- Sponsorship -

Myths and fables, modernized in skits, videos and puppets

When tasked with creating his own modern-day take on god and goddess myths, Mason Clark came up with Electro, god of electricity. Electro is famous for saving a town from a giant, Mason explained, and his power is “shooting electricity out of his hands.”

Classmate Vivian LaMange has a pet vizsla at home she is rather fond of, so her 21st century woman to worship is Valda, goddess of the gentle, yet energetic Hungarian dog breed.

Teacher Larry Frazier clearly enjoys his students’ creativity

All of Larry Frazier’s sixth-grade social studies students got to conceive of their own gods and goddesses during a recent four-week unit on ancient Greece. They also studied  myths and fables — which they acted out via group puppet shows, videos and live skits — and made flip-books for various gods/goddesses from the cultures of Greece and Rome, Egypt and the Norse.

Puppet shows and skits came with timeless morals, such as “A small gain is better than a large promise,” “If you seek to do harm, harm will come to you,” and “Appearances can be deceiving.”

“They have come up with amazingly creative myths over the years, and I’ve seen some tremendous artists really enjoy the chance to use their talents in a new avenue of expression,” Frazier said.

Ronen Dujovny with the puppet for his group’s skit

Enduring Themes

Frazier, who is in his his 42nd and final year of teaching, said he has done the unit “for many years, but can’t put a number on it.”

“I’m always surprised how reflective the students’ work is of our modern culture, just as this material reflected the ancient cultures,” he said. “The students deal with the expected technology, games and modern products, but many of them also deal with social issues such as divorce, families, heroes and good deeds, among others.”

He said students also see connections to the past in ways they hadn’t previously thought about, by recognizing enduring themes in product advertisements, the solar system, words in our language (“cereal” comes from Ceres, the goddess of agriculture), fantasy literature, movies and games.

Frazier said uses an interdisciplinary approach to social studies whenever possible.

“This format touches on so many more skills than traditional lessons would: skills such as writing, research, use of technology, visual artistry and creativity, public speaking and group work. It really enhances student interest and has, I feel, a very positive impact on their learning.”

Extra Credit Myth: The god of Google Fights Fake News by Sawyer Bouwkamp 

- Sponsorship -
Morgan Jarema
Morgan Jarema
Morgan Jarema is a reporter and copy editor, covering East Grand Rapids, Forest Hills and Northview. She is a Grand Rapids native and a product of Grand Rapids Public Schools, including Brookside and West Leonard elementaries, City Middle/High School and Ottawa Hills. She found her tribe in journalism in 1997 and has never wanted to do anything but write. For 15 years she was a freelance journalist for The Grand Rapids Press, covering local schools and government, religion, business, home & garden and lifestyles. She and her husband, John, think even those without kiddos should be invested in their local schools and made to feel a part of them. Read Morgan's full bio or email Morgan.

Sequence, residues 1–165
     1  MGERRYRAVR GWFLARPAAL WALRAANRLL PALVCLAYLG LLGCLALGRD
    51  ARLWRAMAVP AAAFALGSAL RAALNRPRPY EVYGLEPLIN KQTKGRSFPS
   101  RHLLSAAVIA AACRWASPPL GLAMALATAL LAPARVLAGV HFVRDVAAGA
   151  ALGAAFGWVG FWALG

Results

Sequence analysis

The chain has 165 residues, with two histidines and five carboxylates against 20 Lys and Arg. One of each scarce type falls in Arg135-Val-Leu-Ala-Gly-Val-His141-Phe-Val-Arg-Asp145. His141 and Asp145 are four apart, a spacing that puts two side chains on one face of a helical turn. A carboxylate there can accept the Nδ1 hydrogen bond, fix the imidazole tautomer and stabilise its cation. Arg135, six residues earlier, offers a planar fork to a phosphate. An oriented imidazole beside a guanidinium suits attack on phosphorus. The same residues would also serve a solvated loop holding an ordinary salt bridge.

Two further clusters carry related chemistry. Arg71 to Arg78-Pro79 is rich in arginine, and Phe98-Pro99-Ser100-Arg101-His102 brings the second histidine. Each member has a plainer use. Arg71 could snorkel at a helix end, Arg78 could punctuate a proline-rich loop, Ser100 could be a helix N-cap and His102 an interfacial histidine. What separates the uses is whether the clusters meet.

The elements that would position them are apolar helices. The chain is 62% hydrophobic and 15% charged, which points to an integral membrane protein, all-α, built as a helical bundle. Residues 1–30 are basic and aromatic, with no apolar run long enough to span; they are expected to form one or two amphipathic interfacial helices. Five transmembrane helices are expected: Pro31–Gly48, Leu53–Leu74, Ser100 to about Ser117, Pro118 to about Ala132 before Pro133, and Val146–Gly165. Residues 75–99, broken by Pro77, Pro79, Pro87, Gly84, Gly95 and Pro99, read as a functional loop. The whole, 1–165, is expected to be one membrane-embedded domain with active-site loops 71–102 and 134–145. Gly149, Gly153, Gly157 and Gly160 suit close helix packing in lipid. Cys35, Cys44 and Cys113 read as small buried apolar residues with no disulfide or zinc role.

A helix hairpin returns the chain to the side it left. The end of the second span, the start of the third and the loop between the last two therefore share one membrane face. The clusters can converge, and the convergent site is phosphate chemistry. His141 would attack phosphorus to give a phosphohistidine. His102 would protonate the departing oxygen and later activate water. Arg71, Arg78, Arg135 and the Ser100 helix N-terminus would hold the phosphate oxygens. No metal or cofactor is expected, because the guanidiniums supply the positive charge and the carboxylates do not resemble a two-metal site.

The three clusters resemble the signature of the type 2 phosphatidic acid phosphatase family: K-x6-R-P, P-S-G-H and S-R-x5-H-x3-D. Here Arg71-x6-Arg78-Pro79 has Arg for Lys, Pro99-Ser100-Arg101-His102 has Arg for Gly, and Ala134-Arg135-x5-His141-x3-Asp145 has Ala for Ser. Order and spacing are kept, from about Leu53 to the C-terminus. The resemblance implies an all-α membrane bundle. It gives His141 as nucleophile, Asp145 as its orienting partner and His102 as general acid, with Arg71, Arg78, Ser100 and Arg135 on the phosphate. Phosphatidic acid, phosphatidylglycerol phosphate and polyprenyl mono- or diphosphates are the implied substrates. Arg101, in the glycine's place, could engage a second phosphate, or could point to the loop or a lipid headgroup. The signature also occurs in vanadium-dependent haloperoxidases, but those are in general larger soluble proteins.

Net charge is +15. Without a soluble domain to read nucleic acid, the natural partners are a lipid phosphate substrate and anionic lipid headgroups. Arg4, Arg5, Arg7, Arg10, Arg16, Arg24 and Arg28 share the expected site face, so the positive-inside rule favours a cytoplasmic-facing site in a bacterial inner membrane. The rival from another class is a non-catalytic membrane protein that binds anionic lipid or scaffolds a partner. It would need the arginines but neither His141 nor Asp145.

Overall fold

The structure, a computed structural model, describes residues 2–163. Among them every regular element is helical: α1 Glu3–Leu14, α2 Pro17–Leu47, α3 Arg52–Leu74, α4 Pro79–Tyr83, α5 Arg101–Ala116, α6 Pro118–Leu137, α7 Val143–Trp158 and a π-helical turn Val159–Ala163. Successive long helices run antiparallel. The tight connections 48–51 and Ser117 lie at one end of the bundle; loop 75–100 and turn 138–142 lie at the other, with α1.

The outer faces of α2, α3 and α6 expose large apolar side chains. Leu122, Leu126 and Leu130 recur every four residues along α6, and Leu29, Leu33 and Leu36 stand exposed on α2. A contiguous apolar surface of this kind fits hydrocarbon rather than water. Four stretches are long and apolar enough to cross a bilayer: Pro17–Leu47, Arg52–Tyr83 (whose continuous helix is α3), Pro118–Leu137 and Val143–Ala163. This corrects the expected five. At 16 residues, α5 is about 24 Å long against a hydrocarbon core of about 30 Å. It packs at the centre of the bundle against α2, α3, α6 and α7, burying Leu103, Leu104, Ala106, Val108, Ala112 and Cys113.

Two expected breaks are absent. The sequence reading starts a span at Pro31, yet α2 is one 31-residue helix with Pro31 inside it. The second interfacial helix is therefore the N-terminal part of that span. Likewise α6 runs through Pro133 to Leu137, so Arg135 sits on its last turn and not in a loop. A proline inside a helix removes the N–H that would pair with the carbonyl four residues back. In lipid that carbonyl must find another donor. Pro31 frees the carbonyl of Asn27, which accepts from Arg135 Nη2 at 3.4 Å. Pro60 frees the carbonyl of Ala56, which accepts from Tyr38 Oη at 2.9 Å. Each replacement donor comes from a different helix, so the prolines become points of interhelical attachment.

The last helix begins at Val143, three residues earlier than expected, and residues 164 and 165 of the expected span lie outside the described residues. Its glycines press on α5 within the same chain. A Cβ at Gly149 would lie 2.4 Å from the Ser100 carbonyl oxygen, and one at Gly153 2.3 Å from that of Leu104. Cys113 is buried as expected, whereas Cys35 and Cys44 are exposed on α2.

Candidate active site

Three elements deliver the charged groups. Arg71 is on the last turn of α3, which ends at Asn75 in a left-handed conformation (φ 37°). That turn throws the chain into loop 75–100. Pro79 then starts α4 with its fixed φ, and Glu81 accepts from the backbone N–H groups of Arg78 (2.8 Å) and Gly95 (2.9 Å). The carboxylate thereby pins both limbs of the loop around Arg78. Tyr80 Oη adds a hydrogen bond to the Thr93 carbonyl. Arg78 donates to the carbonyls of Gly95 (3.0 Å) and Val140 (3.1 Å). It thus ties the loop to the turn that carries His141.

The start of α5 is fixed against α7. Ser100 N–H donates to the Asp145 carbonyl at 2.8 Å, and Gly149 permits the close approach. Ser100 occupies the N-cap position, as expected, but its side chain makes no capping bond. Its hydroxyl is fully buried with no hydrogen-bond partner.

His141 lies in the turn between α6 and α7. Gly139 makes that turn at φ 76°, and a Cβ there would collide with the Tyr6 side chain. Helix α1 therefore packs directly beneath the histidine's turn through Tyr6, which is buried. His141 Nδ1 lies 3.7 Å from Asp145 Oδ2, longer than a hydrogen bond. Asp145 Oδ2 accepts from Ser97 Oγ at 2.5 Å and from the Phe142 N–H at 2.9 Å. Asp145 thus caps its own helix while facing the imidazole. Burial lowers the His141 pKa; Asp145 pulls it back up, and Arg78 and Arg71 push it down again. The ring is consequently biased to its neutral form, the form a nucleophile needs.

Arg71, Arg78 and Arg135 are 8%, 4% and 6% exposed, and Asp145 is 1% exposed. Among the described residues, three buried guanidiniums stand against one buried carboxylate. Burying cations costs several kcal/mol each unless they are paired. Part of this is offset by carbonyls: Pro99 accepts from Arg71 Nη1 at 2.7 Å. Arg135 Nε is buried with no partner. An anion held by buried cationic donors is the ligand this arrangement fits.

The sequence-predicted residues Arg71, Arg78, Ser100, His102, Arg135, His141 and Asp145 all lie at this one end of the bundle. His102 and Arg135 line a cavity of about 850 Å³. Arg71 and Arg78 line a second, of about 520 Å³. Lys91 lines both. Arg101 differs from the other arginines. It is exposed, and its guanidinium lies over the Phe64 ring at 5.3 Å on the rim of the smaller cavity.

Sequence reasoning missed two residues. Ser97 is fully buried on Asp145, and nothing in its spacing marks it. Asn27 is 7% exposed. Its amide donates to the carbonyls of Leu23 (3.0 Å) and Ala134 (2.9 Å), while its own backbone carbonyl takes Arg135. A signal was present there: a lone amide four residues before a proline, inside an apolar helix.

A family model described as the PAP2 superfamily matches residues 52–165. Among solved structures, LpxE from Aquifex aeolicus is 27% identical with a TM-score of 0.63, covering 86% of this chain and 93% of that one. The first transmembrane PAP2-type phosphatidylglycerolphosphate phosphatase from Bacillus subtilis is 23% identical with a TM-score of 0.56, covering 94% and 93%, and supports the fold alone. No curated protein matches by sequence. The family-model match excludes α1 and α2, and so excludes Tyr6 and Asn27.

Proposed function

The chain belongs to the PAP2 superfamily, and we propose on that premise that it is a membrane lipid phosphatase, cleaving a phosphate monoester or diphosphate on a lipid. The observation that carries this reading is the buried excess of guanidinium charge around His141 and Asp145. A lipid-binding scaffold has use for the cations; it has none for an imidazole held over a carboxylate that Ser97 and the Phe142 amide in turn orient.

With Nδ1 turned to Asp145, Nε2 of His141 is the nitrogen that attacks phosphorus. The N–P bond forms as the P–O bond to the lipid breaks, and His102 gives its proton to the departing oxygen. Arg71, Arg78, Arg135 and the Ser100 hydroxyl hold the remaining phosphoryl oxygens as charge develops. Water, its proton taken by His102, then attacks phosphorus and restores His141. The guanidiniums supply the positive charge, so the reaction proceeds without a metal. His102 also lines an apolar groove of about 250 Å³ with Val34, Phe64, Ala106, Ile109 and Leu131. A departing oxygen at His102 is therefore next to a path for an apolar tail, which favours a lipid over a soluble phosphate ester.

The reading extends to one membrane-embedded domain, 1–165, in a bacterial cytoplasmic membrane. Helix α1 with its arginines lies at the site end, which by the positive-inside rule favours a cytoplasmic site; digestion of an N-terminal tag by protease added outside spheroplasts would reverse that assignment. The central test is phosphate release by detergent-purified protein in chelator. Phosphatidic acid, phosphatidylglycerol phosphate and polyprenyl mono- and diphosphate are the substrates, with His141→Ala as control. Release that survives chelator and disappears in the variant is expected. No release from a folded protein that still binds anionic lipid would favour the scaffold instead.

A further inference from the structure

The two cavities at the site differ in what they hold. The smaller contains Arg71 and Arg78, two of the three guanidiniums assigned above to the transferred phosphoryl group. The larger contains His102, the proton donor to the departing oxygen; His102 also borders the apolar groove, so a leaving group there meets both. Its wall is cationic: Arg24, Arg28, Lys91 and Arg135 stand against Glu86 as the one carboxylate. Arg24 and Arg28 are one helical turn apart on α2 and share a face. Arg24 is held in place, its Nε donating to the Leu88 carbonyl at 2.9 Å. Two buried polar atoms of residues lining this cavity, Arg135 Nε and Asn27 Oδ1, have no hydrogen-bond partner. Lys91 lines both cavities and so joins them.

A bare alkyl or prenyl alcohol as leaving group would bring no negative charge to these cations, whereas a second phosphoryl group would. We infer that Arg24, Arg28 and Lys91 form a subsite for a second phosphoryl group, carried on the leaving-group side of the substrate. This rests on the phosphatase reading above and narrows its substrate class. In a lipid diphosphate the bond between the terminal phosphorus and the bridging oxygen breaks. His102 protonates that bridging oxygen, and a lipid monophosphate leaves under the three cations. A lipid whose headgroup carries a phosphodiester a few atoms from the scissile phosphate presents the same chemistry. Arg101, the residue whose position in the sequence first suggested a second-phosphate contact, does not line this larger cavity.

Fourth-grade hockey fan gets a magical hour on ice: ‘I made the shot!’

Raised as a Red Wings and Grand Rapids Griffins hockey fan, Jackson Solow lights up while skating on an ice rink wearing his favorite hockey jersey...

‘This time it is continued learning’

One school’s switch from in-person to virtual education last week was nearly seamless, especially when compared with the forced school closure in March...

Foundation grants $28,285 in fall funding requests

Virtual phys ed and art experiences, materials to improve classroom focus and books on social issues aimed at middle-schoolers are among the grants approved this fall...

Latest school closings expand on state-ordered high school mandate

More Kent County districts continue to announce temporary school building closures, as schools contend with a sharp increase in COVID-19 cases in Kent County and Michigan...


Please enter your comment!
Please enter your name here

Related Articles

Short stories, tall tales

A collection of short stories by Mark Pullen’s fourth-graders at Lakeside Elementary shows what they have learned in their realistic fiction writing unit...

Bringing ‘positive intent’ to work every day

Heather McKinney-Rewa is the new East Grand Rapids Middle School assistant principal. SNN gets to know her in this edition of Meet the Principal...

Fifth-graders find beauty in science by dissecting marigolds

One teacher used readily available nature just outside school to introduce this year’s science unit, as well as flowers from home to study the parts of plants...
- Sponsorship -


Engagement: The Most Important Measure of Student Success

Polls find that students’ engagement in their school work declines as they ascend the grades. Tests that don’t relate to their real-life experiences exacerbate the problem...


Food ‘angels’ support hungry kids through pandemic

They work all across Kent County, guardian angels with peanut butter on their hands and crumbs on their shirtsleeves...
- Sponsorship -


Maranda Where You LiveWGVU